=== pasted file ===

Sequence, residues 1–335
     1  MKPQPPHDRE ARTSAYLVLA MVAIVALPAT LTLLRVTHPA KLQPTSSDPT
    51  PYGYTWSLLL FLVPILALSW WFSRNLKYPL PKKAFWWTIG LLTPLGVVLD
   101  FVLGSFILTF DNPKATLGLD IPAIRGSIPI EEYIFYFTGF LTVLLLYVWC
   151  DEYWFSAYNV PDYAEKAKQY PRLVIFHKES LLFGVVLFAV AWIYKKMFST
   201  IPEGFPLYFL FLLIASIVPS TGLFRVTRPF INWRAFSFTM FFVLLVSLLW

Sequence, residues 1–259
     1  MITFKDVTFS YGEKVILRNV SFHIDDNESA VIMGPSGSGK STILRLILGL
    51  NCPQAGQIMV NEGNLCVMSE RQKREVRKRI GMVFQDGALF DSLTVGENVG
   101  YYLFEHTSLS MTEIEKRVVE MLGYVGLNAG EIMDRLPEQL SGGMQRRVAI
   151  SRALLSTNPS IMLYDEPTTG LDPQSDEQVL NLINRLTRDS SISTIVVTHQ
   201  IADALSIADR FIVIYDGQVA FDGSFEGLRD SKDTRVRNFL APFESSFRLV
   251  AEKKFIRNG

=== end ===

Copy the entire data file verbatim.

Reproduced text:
Sequence, residues 1–335
     1  MKPQPPHDRE ARTSAYLVLA MVAIVALPAT LTLLRVTHPA KLQPTSSDPT
    51  PYGYTWSLLL FLVPILALSW WFSRNLKYPL PKKAFWWTIG LLTPLGVVLD
   101  FVLGSFILTF DNPKATLGLD IPAIRGSIPI EEYIFYFTGF LTVLLLYVWC
   151  DEYWFSAYNV PDYAEKAKQY PRLVIFHKES LLFGVVLFAV AWIYKKMFST
   201  IPEGFPLYFL FLLIASIVPS TGLFRVTRPF INWRAFSFTM FFVLLVSLLW

Sequence, residues 1–259
     1  MITFKDVTFS YGEKVILRNV SFHIDDNESA VIMGPSGSGK STILRLILGL
    51  NCPQAGQIMV NEGNLCVMSE RQKREVRKRI GMVFQDGALF DSLTVGENVG
   101  YYLFEHTSLS MTEIEKRVVE MLGYVGLNAG EIMDRLPEQL SGGMQRRVAI
   151  SRALLSTNPS IMLYDEPTTG LDPQSDEQVL NLINRLTRDS SISTIVVTHQ
   201  IADALSIADR FIVIYDGQVA FDGSFEGLRD SKDTRVRNFL APFESSFRLV
   251  AEKKFIRNG